David Michôd's first feature as writer-director begins with an absolute doozy of a scene. A teenage boy is watching TV on the sofa while his mum is slumped next to him; only when two ambulance medics show up do we discover that mum has overdosed on heroin, and isn't dozing – she's dead. It's the matter-of-factness that winds us up. Did the boy already know what was up? The film supplies quite a shock in its last scene, too, between which poles Animal Kingdom stretches a taut, tense drama of bad blood in the Melbourne underworld. It will rivet your attention all the way.
The boy is Josh Cody (James Frecheville), known as J, a tall, reticent 17-year-old whose only recourse now is to phone his estranged grandmother and ask for help. "Mum kept me away from her family 'cos she was scared," says J in voiceover, and by degrees we find out why. The Cody grandmother, Smurf (Jacki Weaver), is the scariest-looking old blonde since Donatella Versace, and happens to be the lion queen of a notorious criminal brood. (Cody, lest we forget, was the name of Cagney's mother-fixated gangster in White Heat.) Middle son, Craig (Sullivan Stapleton), is a tattooed thug knee-deep in drugs; the youngest, Darren (Luke Ford) is a suggestible weakling; the eldest, Pope (Ben Mendelsohn), is the meanest, and currently on the Armed Robbery Squad's Most Wanted list. Only Pope's old partner, Baz (Joel Edgerton), shows J any true avuncular kindness, and he gets shot dead early on in the story.
It's essentially about the struggle for a boy's soul. The world J gets "thrown into" is narrow, clannish and mad, though the film is careful to build its mood of dread in small increments. His initiation into his uncles' rule of fear comes when he's riding shotgun with Craig, and a couple of hoods insult them at a traffic junction. Craig follows their car, and when the hoods park up J is instructed to get out and confront them with a handgun. We can see his hand shaking as he does so.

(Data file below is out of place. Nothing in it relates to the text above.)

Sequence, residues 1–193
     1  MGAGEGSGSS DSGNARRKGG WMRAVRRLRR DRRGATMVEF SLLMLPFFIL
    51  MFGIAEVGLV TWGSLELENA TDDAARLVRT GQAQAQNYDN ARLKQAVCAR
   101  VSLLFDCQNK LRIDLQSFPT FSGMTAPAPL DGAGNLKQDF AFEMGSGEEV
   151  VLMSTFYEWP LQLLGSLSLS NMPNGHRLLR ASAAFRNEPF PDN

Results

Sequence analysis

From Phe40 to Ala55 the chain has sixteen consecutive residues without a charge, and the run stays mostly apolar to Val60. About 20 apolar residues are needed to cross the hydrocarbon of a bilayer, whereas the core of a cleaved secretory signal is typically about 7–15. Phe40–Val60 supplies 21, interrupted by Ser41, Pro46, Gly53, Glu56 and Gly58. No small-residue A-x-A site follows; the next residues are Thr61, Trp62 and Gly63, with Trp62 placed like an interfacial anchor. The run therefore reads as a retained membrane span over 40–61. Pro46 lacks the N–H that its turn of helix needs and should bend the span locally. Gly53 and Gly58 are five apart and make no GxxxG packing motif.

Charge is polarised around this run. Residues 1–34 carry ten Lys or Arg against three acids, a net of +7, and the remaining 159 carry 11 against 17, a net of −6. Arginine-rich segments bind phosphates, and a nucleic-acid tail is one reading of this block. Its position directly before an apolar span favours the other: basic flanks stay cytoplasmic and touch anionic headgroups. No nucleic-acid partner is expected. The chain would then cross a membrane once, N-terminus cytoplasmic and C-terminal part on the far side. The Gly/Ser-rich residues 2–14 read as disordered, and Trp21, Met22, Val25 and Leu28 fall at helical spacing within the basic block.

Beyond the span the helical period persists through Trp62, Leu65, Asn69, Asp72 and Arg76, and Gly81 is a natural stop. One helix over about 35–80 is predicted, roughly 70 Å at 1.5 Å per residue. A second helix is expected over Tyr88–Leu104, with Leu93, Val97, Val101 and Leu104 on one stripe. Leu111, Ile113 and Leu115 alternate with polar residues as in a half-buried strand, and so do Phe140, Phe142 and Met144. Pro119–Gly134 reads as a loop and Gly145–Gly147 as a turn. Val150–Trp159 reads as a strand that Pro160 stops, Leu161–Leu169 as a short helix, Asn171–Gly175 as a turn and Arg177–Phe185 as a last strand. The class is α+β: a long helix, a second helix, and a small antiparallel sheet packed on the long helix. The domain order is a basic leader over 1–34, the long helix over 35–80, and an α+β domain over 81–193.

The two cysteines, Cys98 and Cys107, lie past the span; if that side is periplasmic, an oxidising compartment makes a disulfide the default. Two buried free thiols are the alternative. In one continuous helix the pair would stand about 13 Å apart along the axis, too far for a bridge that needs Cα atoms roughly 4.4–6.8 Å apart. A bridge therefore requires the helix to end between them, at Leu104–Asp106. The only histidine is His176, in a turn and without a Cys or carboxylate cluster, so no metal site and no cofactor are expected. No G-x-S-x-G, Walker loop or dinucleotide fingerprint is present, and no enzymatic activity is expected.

What truly indicates the savagely territorial nature of the family is their killing of two patrol cops in revenge for Baz's death. The subsequent investigation brings the boy into the orbit of a senior detective, Nathan Leckie (Guy Pearce), who will try to steer him through the jungle of corrupt fellow officers, witness protection programs, and a sleazeball lawyer in the Codys' pocket. The gravest threat of all, however, is from his own kin. J unwittingly puts himself and his girlfriend, Nicky (Laura Wheelwright), in danger by seeking shelter from her middle-class parents, who have no idea how this "animal kingdom" preys on its victims.
Michôd is delving into a netherworld of barbaric lawlessness that Australian cinema has previously explored through the likes of Chopper and Rowan Woods' 1998 thriller The Boys, also about a family of criminal brothers. Animal Kingdom is even darker in its characterisation, particularly in regard to Weaver's den mother. A huggy narcissist with her sons, Smurf gradually reveals herself to be as ruthless as any Mafia matron. Her ages-old split with J's mother turns out to be a disagreement over the rules of a card game ("'cos you can't play a joker in a no-trumps hand"), which speaks volumes of the latter's shrewd decision – perhaps the only one she ever made – to keep her son away from the family. Smurf's reliance on psychobabble has a comic undercurrent: when she receives some tragic news she wails, "I'm havin' trouble findin' a positive spin", while absolving herself of any personal responsibility for the outcome.
The casting of Ben Mendelsohn as Pope is more problematic. His weak chin and slouching-schoolboy walk have become him as the sensitive loner of homecoming dramas (Mullet, last year's Beautiful Kate), but his runtiness rather undermines him as head of the pack, the one they're all meant to be scared of. He grows more menacing as the story proceeds, though I felt the moral squalor of his murdering a female character too sudden and inexplicable to work. I wonder if he should have played the police detective and Guy Pearce taken the role of Pope – though Pearce, the most notable name here, is very persuasive as Leckie.
Animal Kingdom misfires in a few other small ways. Antony Partos's electronic score, for the most part an atmospheric enhancement, is turned way too loud at times, blotting out lines of dialogue in its reach for the epic.
There's also something very coy about the build-up to a trial that will determine the fate of various characters. As we watch J being coached through a cross-examination, we have to decide which way he'll jump – which side he'll betray – and then, as if to mock our anticipation, Michôd bypasses the courtroom altogether.
Yet this sharp-eyed study in the ways of underworld survival gets far more things right than wrong. The casting of newcomer James Frecheville looks risky at times, such is his stolid, dark-browed demeanour, but he comes through very strongly in the last third.
David Michôd, a newcomer himself to feature films, directs his actors confidently and writes in a plausible lowlife demotic: he has watched and absorbed Scorsese without succumbing, thank heavens, to imitation. This is no "G'dayFellas". "Our game, it's over, mate," says a character here. Michôd's looks like it's just beginning.